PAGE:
It would be lovely if the delusional pundits who insist that the gender wage gap is a myth were correct. (We also wish that ocean levels weren't rising, people could easily teleport to work, and Hogwarts was real. We have a lot of dreams.) Sorry, blustery self-satisfied old dudes: women still aren't getting paid and promoted in equal measure. A few recent studies and proposals, although imperfect, at least acknowledge that concrete steps need to be taken around the globe.
A new Catalyst study of 1,660 MBA grads worldwide found that men land business projects that offer twice the budget and three times the staff as those led by women. This relates to general exposure, too — 35 percent of men said they experienced "high visibility" in their field, as opposed to 25 percent of women. Thus, as Bloomberg's Diane Brady puts it, "women's careers can get stalled by lesser projects that aren't even on the CEO's radar screen."
The report leaves a lot of questions unanswered — it doesn't differentiate by industry, geography, or demographics, or go into whether some women choose smaller projects due to family obligations or lack of self-confidence/support — but Brady's takeaway is noteworthy:
What Catalyst's latest poll of this group does prove is the fact that nothing trumps experience on the job. Coaching and lactation rooms are great. But if leaders aren't putting their high-potential women in mission-critical roles that come with high risk and hefty budgets, they're not serious about their commitment. Instead of boosting programs that nurture top women, smart leaders should look at whether they're truly offering assignments that help women stretch.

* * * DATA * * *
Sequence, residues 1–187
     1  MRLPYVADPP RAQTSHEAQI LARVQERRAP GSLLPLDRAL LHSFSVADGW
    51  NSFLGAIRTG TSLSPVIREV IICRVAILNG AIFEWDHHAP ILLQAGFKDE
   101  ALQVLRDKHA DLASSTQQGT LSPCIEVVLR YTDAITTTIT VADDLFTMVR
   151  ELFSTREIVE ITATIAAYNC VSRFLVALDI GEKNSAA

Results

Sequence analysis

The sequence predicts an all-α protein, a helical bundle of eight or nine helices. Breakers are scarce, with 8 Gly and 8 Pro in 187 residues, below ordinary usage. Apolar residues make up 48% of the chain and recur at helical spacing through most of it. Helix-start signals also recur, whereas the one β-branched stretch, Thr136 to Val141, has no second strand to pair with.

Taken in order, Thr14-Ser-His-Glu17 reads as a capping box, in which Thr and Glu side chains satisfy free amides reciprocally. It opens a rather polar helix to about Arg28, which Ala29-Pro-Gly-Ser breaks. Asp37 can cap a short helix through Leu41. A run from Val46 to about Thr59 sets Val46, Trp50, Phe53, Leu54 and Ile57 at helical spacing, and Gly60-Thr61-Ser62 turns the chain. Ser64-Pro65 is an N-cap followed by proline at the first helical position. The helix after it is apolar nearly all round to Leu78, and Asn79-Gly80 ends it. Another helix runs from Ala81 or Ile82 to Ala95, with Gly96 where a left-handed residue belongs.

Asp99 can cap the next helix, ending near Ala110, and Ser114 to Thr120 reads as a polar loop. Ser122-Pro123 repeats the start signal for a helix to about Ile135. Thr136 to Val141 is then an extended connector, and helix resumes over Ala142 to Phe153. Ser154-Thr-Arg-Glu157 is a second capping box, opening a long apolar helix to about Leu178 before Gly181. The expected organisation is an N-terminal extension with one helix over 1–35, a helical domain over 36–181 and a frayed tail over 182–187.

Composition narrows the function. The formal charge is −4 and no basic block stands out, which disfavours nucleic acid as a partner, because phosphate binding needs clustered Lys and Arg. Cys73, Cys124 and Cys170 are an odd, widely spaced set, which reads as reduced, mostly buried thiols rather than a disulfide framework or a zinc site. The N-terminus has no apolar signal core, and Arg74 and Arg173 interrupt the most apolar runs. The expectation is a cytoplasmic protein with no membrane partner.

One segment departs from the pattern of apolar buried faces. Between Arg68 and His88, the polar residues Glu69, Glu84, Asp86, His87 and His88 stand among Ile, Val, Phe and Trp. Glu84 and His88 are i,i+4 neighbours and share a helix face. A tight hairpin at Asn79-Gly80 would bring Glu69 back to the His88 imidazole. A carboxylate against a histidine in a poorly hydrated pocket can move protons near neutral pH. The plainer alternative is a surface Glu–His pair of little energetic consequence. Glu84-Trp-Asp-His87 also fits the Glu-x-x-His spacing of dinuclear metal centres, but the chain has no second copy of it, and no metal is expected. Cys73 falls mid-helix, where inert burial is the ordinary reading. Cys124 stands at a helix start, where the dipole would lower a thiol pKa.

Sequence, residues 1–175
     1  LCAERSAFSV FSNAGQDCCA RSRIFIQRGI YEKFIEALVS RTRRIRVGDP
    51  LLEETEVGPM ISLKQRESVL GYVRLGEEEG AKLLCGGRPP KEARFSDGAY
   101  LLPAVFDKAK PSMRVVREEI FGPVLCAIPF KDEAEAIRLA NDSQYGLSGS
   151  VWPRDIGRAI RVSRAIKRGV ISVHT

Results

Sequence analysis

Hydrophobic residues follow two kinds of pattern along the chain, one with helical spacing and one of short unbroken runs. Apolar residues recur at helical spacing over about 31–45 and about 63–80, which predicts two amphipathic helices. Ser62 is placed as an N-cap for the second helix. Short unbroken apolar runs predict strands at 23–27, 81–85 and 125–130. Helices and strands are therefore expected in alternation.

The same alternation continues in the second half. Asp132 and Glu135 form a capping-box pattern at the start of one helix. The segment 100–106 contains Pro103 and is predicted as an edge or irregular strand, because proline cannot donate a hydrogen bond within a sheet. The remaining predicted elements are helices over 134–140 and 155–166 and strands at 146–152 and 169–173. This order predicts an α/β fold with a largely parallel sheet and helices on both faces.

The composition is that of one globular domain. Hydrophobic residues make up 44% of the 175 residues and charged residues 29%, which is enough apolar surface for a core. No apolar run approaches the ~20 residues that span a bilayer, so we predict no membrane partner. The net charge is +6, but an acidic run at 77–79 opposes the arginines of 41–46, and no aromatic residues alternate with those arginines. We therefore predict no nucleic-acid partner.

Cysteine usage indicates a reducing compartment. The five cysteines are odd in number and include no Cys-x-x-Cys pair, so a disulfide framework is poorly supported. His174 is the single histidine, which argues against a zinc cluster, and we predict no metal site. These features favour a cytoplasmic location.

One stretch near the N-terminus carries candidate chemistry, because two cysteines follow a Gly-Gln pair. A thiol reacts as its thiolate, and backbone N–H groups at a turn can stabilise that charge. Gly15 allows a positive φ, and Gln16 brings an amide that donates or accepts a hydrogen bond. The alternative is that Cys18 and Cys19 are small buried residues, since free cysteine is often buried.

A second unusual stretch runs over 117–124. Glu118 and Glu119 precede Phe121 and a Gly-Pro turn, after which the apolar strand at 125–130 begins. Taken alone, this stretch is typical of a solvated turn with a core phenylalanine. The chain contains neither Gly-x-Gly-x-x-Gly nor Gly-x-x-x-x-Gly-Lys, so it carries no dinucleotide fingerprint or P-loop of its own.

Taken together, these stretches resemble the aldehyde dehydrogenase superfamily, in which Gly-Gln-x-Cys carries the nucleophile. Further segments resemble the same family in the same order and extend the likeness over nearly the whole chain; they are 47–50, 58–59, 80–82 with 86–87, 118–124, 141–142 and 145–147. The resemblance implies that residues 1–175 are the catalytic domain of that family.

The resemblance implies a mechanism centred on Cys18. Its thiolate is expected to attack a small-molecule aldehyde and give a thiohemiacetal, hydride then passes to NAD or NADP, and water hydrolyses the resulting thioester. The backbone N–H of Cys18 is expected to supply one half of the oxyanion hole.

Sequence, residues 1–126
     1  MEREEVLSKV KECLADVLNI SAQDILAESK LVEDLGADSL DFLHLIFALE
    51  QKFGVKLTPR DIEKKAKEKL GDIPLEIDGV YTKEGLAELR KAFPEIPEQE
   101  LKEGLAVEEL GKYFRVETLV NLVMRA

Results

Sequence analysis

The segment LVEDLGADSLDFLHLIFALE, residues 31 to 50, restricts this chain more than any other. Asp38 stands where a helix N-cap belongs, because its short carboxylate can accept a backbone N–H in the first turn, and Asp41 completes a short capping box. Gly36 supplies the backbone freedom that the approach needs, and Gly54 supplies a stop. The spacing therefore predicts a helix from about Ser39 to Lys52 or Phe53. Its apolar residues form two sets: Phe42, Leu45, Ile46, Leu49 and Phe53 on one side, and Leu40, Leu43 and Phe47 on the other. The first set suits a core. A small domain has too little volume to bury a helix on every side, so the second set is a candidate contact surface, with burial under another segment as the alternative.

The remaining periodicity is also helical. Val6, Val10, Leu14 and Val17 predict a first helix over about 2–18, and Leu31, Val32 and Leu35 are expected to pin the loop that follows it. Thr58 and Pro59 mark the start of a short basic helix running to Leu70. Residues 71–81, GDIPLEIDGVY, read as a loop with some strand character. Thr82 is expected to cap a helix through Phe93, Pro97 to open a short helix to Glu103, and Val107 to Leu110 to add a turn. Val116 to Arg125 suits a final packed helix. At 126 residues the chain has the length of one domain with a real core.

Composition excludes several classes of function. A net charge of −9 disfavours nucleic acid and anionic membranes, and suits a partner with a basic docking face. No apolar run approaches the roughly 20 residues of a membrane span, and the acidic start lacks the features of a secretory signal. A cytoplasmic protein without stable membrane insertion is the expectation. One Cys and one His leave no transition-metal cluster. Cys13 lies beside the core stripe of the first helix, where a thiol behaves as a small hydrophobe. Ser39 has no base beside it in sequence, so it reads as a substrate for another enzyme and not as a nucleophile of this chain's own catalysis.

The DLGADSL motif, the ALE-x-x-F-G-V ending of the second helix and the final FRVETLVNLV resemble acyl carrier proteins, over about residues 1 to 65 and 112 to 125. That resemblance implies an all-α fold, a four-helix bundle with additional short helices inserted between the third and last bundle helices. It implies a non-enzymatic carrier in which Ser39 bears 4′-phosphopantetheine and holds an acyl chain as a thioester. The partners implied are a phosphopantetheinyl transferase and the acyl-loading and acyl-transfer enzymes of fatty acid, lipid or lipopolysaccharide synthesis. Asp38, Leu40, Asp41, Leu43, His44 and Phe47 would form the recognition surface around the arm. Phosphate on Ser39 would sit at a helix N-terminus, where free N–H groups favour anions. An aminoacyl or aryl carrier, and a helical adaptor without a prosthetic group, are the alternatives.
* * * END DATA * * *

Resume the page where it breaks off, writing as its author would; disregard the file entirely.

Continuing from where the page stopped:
But how can you get women into top positions if you don't "nurture" them? The European Union has an idea that (trigger warning!) might literally make some Tea Partiers explode: make them. The EU proposed a new rule today that would require non-executive boards of publicly traded companies with over 250 staff members to have a certain percentage of women on their boards — the target would be 40 percent by 2020 — or suffer unspecified penalties.
According to the Commission, women currently account for fewer than 15 percent of those positions, so it's exciting that the EU wants to develop a (relatively) quick action plan to get more women on board. But some countries, including Britain, the Netherlands, and Malta, don't like the idea of punishing companies that don't adhere to the proposed rule that "Priority shall be given to the candidate of the under-represented sex if that candidate is equally qualified as the candidate of the other sex" — at least not at the EU level. According to Reuters, Britain is being extremely pissy about the proposal. "We have consistently argued that measures are best considered at national level," a government spokesperson said. The number of women on the boards of British-listed companies rose to 12.5 percent in 2010 from 7 percent in 1999; perhaps Britain thinks its doing just fine on its own?